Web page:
Curcumin — a yellow pigment found primarily in turmeric (a flowering plant of the ginger family best known as a spice used in curry) — is a polyphenol with anti-inflammatory properties and the ability to increase the amount of antioxidants that the body produces.
Curcumin and the curcuminoids found in turmeric can be extracted to produce supplements that have a much higher potency than turmeric. However, curcumin is absorbed poorly during digestion, so a myriad of different formulations have been created to improve its bioavailability.
Supplementation with curcumin reliably reduces markers of inflammation and increases the levels of endogenous antioxidants in the body. More research is needed on curcumin for many areas of health, but the available research supports small to moderate improvements in the symptoms of depression and anxiety and in pain and function in osteoarthritis. Reductions in LDL cholesterol, blood glucose, and blood pressure are possible, but the research on these outcomes is limited and less consistent.
One of curcumin’s greatest drawbacks is that it is poorly absorbed when orally ingested by itself. Regarding potential adverse effects, doses of up to 8 grams of curcuminoids have not been associated with serious adverse effects in humans. However, long-term studies that are more comprehensive in their assessments are needed. Studies using high doses of curcumin have reported some mild adverse effects, including nausea, diarrhea, headache, skin rash, and yellow stool. Use of curcumin with piperine (a black pepper extract) may cause adverse drug reactions because piperine greatly increases intestinal permeability. Not all formulations of curcumin have been safety tested to the same degree.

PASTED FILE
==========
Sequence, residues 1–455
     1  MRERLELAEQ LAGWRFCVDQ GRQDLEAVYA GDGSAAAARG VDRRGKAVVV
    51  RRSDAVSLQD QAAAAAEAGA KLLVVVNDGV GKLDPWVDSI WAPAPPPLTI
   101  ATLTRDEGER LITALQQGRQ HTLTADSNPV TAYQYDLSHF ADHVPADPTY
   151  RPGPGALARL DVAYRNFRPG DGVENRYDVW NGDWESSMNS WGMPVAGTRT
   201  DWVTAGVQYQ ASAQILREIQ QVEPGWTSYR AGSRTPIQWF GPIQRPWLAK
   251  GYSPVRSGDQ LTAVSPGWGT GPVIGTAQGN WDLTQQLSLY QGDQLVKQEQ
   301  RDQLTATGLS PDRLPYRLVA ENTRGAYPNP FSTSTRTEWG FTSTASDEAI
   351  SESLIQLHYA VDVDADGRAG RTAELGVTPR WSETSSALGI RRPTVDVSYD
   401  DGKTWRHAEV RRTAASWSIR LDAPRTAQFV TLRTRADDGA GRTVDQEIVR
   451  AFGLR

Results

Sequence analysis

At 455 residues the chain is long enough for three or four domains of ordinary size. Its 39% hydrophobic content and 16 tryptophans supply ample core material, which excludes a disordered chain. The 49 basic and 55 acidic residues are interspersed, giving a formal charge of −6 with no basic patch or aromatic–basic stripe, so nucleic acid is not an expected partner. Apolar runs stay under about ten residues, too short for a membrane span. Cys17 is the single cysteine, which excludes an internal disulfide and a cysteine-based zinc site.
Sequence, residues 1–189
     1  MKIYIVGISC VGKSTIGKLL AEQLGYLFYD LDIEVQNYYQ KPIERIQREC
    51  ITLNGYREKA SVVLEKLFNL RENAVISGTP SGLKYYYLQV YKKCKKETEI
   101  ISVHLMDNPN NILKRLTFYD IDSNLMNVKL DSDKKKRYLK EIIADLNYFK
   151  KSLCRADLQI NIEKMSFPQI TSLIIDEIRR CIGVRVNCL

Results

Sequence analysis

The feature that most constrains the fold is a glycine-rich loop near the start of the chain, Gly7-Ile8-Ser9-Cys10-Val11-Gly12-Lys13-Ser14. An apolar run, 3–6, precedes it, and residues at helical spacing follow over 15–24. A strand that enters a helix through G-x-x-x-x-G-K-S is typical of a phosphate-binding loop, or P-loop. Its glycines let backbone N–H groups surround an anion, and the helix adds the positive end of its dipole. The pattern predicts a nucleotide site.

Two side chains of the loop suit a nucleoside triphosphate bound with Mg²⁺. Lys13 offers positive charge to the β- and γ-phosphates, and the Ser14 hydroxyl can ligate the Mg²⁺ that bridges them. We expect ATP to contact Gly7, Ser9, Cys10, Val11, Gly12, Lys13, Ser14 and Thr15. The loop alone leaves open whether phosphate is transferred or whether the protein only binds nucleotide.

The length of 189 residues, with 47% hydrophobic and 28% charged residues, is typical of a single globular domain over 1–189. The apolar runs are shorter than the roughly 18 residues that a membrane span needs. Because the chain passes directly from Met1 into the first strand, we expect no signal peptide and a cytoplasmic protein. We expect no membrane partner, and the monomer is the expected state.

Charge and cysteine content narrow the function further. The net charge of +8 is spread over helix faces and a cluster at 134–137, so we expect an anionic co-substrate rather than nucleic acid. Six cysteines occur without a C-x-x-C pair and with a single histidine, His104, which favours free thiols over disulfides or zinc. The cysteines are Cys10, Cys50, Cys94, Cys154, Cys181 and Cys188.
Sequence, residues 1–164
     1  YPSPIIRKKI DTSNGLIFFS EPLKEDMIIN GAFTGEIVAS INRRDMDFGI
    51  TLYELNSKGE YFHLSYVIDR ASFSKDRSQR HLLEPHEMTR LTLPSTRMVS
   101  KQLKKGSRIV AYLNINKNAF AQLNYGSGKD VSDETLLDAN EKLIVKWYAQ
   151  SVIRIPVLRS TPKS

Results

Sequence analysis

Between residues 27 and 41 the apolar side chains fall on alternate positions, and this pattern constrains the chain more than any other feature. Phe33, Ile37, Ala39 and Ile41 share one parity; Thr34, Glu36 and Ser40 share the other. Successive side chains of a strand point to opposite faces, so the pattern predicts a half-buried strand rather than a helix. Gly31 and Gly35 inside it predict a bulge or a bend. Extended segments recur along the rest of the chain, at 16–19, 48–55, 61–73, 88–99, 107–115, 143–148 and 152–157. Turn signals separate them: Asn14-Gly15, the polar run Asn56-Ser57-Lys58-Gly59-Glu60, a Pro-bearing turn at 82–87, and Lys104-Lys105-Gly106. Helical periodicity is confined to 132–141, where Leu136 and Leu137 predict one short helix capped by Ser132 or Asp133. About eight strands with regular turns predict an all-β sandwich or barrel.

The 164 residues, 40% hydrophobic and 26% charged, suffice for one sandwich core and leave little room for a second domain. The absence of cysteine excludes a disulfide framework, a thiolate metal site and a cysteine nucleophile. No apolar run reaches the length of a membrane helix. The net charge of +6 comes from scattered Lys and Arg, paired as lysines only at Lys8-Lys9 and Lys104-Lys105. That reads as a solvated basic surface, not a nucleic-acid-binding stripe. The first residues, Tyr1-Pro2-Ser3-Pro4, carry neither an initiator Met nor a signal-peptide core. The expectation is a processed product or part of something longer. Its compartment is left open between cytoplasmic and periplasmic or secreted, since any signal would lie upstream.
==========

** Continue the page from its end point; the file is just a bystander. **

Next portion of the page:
By itself, curcumin is poorly absorbed. Among the methods devised to address this issue, the two most common (and most well-studied) methods pair curcumin with piperine or combine it with lipids (as in the BCM-95® and Meriva® formulations). Depending on the formulation used, the effective daily doses generally fall in the range of 400 to 2,000 mg. Curcumin is usually taken with food.
The potential beneficial effects of curcumin seem to be mainly the result of its anti-inflammatory and antioxidant properties. These properties are mediated by curcumin’s direct or indirect interaction with (and modulation of) various molecular targets, including transcription factors, enzymes, cell cycle proteins, receptors, cell surface adhesion molecules, growth factors, and protein kinases.
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